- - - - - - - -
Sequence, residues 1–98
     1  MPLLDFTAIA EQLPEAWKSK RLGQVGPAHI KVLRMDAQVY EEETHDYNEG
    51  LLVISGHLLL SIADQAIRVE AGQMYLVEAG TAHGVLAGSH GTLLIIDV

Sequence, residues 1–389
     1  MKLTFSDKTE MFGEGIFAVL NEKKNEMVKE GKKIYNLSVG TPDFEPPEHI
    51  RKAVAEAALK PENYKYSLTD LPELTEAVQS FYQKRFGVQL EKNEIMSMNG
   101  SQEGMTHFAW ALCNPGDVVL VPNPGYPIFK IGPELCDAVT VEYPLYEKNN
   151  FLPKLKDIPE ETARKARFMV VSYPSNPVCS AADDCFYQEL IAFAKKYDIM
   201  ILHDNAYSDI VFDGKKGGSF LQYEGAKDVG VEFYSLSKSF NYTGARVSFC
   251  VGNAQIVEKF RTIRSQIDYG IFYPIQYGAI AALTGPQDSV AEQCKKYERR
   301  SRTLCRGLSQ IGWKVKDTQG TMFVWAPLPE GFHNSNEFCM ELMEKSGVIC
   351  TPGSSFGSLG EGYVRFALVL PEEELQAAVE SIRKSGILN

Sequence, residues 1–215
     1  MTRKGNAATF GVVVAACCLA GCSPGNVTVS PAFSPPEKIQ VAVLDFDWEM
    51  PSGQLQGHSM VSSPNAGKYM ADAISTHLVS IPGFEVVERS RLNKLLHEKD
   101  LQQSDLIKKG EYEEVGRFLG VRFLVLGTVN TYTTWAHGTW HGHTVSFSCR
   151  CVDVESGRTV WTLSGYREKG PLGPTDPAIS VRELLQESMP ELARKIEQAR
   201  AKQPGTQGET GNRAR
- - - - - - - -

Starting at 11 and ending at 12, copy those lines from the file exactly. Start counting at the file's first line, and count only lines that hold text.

   301  SRTLCRGLSQ IGWKVKDTQG TMFVWAPLPE GFHNSNEFCM ELMEKSGVIC
   351  TPGSSFGSLG EGYVRFALVL PEEELQAAVE SIRKSGILN